Similar to COVID-19, the previous SARS and MERS outbreaks were also caused by coronaviruses; however, they were of different strains altogether. Therefore, even if you have contracted SARS or MERS before like Dr Leong, your body would not know how to fight this novel infection, i.e. you are not immune to the COVID-19. 
“How come we don’t already have a vaccine for the COVID-19, given our past experience battling coronaviruses (SARS, MERS)?”
Coronaviruses tends to mutate easily – a slight change in the genetic component can alter the virus completely, including how it behaves and what kills it. There are hundreds of different viral mutations, thus it is nearly impossible to predict which virus strain will cause the next pandemic. 
Thus, it is only after the outbreak of COVID-19 that scientists and doctors can now work on developing the vaccine for this specific, identified virus strain that is now affecting the world on a global scale.
That said, we do have the virus’ prototype for the SARS-CoV-2 from our previous experiences with SARS and MERS. This gives our scientists and doctors a headstart when developing the treatments for COVID-19 this time round.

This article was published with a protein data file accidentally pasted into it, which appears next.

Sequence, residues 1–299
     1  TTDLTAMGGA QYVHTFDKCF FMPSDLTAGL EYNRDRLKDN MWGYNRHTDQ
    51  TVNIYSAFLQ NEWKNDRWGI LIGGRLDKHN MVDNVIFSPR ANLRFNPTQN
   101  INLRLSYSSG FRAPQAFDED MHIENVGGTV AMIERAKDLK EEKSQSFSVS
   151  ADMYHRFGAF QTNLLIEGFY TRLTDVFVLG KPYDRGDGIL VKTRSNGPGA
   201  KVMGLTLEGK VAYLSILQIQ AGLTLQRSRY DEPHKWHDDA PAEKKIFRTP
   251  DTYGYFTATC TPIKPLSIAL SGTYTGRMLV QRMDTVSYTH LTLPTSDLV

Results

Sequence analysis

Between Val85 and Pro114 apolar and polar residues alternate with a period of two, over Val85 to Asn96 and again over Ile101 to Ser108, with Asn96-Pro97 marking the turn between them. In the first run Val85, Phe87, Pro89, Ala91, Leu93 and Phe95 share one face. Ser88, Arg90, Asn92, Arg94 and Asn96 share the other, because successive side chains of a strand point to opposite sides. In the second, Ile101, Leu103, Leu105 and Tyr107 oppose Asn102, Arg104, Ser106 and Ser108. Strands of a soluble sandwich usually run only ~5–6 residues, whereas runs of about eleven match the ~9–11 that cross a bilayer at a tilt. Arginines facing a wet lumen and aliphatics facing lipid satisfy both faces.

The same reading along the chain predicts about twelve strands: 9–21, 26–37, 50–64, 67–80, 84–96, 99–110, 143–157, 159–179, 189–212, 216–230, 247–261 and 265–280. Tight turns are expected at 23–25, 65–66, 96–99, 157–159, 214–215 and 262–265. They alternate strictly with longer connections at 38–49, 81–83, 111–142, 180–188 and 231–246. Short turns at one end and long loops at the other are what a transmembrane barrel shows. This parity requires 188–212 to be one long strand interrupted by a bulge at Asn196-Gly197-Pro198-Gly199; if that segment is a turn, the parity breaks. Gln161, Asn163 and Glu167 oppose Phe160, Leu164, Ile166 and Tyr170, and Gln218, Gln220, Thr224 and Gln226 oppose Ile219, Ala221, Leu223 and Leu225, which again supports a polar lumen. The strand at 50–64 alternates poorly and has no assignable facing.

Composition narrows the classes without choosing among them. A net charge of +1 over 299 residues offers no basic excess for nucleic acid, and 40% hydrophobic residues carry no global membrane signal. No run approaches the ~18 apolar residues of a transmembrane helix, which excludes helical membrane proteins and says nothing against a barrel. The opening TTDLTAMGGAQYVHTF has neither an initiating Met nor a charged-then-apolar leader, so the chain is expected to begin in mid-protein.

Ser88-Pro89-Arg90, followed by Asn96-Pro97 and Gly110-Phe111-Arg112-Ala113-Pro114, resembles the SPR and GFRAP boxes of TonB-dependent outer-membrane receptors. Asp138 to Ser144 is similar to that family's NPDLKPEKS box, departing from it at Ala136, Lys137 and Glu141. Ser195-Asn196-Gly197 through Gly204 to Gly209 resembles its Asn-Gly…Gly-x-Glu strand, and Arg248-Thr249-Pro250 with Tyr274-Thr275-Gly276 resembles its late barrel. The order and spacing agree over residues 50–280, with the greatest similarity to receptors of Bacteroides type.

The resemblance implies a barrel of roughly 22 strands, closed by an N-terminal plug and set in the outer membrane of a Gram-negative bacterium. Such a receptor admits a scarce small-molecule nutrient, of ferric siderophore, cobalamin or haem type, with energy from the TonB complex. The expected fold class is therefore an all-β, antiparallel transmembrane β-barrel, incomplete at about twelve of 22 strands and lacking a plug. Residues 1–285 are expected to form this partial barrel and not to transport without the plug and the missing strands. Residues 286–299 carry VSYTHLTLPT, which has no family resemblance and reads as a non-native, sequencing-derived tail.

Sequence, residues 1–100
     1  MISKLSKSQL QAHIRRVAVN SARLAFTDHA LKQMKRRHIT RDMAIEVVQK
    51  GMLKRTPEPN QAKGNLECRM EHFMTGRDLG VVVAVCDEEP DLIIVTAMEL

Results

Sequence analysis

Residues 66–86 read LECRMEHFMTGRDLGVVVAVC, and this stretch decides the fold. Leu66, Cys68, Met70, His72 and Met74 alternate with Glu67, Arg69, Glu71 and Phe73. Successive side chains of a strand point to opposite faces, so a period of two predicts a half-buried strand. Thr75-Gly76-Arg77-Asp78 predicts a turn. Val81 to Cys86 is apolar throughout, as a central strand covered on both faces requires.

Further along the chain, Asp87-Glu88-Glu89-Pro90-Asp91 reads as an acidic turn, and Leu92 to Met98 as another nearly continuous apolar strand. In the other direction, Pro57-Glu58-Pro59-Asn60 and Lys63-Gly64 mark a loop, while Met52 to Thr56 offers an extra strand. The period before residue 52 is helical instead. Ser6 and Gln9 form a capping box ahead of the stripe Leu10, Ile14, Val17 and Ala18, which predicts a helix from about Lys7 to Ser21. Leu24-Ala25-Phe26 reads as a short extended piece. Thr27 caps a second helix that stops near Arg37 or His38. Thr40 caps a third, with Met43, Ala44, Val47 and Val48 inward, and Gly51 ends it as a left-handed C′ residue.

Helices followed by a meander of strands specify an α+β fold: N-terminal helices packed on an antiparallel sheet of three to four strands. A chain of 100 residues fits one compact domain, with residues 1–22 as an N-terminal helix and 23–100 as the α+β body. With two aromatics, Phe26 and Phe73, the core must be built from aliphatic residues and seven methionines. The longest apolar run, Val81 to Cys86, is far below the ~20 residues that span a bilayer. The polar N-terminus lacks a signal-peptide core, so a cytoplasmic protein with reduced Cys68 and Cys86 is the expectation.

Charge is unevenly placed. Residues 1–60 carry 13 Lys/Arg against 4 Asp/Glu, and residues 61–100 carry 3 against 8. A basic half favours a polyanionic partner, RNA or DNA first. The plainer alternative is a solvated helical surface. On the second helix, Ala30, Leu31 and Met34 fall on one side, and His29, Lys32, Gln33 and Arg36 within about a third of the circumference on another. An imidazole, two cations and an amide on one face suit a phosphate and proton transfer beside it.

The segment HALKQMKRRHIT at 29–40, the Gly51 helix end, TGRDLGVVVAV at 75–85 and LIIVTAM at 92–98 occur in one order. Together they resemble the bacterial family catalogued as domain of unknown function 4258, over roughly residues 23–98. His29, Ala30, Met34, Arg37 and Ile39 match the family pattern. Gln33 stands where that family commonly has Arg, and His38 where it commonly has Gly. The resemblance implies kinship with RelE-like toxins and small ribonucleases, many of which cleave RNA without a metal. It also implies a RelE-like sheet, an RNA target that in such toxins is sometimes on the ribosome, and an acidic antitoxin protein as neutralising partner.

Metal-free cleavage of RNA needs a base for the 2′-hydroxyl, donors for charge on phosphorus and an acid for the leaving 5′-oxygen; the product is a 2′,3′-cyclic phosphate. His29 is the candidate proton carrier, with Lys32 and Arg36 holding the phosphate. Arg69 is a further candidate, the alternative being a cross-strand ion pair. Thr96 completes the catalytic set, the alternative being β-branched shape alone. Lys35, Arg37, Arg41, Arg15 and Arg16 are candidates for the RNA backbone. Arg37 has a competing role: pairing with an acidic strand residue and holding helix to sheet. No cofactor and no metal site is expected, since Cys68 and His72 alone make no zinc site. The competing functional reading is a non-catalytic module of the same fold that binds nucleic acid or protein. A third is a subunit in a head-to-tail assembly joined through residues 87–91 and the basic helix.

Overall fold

“What are the treatments currently available for the COVID-19 disease?”
Doctors around the world are trying out various cocktails of antiviral drugs (e.g. anti-HIV and antimalarial drugs) to treat the COVID-19 disease. These are still undergoing the ‘testing’ and ‘clinical trials’ phase, therefore, their effectiveness is still unproven. 
For now, high-quality medical care and plenty of hydration is still the best alternative for patients who have been diagnosed with COVID-19. Fortunately, this has been proven to be effective in a majority of the COVID-19 cases found in Singapore and other countries with first-world medical facilities. We’re also very lucky we have no deaths as of now.